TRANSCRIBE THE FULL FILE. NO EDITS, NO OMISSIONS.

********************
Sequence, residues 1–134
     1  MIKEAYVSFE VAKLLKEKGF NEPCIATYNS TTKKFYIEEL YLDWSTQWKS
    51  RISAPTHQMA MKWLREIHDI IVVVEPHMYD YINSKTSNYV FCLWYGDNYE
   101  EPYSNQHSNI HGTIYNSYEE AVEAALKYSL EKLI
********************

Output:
Sequence, residues 1–134
     1  MIKEAYVSFE VAKLLKEKGF NEPCIATYNS TTKKFYIEEL YLDWSTQWKS
    51  RISAPTHQMA MKWLREIHDI IVVVEPHMYD YINSKTSNYV FCLWYGDNYE
   101  EPYSNQHSNI HGTIYNSYEE AVEAALKYSL EKLI